She looked so happy as she danced down the sidewalk, spinning around with her arms out while the breeze tugged at her scarf and tossed her hair around. She was caught up in the moment, letting the beauty of autumn surround her and engulf her completely. Secretly, I wished that I could feel what she was feeling… Just a moment of that peace and serenity could have done wonders for me, but all I could do was live vicariously through Sunny, watching as she spun in her happy circles, avoiding the cracks in the pavement and laughing as she did. I couldn’t remember a time later than my childhood where I had felt that kind of carefree bliss. Thinking about it, I could recall very few of these instances even within my childhood, and as Sunny danced around, laughing like an innocent child, I found myself envying her ability to just stop giving a damn whenever she felt like it.

“Dance with me!” she cried, grasping for my hand. “It’s too nice a day not to dance!”

I pulled my hand away, smiling halfheartedly.

“Thanks,” I said. “I’d love to, but… I can’t.”

“Why for not!?” she sang, whisking her way around and around a light pole. I shrugged, though she did not see.

“I’m not much of a dancer,” I said simply. Sunny stopped, her eyes bugging out in faux surprise.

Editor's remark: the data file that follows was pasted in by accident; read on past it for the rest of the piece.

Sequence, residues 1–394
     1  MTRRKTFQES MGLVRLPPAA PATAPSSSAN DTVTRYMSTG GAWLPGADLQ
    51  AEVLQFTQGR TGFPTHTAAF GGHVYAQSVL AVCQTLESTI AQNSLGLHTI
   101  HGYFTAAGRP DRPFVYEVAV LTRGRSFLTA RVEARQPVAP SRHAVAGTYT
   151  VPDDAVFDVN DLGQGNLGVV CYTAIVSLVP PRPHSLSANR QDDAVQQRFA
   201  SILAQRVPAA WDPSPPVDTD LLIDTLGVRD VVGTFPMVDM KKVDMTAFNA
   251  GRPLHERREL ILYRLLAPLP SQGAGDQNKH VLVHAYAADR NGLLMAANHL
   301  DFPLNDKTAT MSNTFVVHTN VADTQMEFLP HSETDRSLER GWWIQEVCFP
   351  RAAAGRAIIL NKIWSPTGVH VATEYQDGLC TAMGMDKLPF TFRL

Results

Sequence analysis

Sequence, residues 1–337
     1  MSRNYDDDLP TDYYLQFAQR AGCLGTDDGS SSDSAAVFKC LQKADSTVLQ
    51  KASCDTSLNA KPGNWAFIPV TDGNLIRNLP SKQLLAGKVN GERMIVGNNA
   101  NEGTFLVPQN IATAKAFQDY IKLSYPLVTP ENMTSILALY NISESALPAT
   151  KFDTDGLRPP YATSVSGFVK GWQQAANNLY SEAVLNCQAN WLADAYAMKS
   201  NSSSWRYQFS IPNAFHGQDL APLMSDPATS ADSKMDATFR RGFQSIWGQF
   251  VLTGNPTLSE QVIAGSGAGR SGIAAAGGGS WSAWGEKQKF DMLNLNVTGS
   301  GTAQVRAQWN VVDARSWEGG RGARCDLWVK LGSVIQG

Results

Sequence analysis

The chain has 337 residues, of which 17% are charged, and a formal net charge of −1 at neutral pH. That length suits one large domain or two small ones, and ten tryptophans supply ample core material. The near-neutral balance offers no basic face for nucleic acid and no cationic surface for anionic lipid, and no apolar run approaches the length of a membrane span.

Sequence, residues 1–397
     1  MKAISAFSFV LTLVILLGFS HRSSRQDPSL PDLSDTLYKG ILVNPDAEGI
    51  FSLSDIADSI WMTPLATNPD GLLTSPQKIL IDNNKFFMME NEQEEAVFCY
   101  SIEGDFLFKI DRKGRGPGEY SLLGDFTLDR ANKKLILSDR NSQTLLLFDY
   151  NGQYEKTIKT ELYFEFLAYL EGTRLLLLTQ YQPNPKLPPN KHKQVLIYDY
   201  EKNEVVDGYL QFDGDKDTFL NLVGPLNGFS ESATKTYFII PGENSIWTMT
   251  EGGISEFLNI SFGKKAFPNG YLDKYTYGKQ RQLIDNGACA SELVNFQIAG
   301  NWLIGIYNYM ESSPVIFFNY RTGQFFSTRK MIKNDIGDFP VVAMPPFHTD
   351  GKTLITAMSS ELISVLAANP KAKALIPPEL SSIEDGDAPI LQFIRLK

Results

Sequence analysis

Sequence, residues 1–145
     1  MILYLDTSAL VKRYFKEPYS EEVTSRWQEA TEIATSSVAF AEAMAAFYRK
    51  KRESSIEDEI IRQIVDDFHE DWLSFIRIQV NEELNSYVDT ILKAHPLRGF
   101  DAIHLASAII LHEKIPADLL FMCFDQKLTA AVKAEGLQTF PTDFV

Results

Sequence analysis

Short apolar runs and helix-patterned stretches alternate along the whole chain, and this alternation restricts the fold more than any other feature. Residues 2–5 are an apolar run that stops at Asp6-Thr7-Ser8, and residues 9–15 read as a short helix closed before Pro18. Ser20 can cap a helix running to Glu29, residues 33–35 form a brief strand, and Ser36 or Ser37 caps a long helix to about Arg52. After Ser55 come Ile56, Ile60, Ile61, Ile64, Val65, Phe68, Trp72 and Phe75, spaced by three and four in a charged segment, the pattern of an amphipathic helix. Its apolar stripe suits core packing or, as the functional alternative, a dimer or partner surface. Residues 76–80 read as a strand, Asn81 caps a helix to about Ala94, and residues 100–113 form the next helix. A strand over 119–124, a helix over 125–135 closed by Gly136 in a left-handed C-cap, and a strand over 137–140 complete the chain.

“As if I’m doing perfect ballet!” she chirped, lunging at me and seizing my hand. Before I could react, Sunny was holding tight to both of my hands, spinning me around in large, dizzy circles which came dangerously close to the street. Cars zipped past honking their disapproval and yet Sunny just laughed, whipping me around and around until I began to fear for the contents of my stomach. Suddenly and without any warning whatsoever, Sunny released my hands. I was thrown backwards, unable to stop myself from flying through the air toward an empty field.

However, as I fell, it was as if I were somehow falling inside of a dream. Everything seemed to be happening in slow motion.  Even the sounds of the cars had grown feint and while I fell backwards into the field of dried out, yellowing grass, I just gazed up at the colorful clouds in the sky, watching the birds glide slowly across as time dragged past.

I spread my arms wide, enveloped in an overall feeling of intense peace and tranquility. Was this what Sunny had been experiencing?

It occurred to me, for a moment, to close my eyes, but I forced them to remain open, not wanting to miss a moment of the sheer grace that I perceived. Before I knew it, there was a slight tickle on the back of my neck and hands as they collided ever so gently with the grass. Smiling, I allowed my eyelids to flutter shut as I felt my body settle firmly into the grass. There was just one more moment of silence and then all of a sudden, Sunny was collapsing into the grass by my side as the noise of the cars picked up again, time appearing to have returned to normal.

I turned my head, looking over to see her lying on the ground, smiling at me with all the radiant glory of the setting sun.

“Can you feel it yet?” she asked, her voice soft and smooth. Sunny barely blinked as her eyes pierced me. “Can you feel the fall?”

I grinned, letting my eyes fall shut again.

“I felt that fall,” I told her, smiling peacefully. “It was the craziest spill I’ve ever taken.”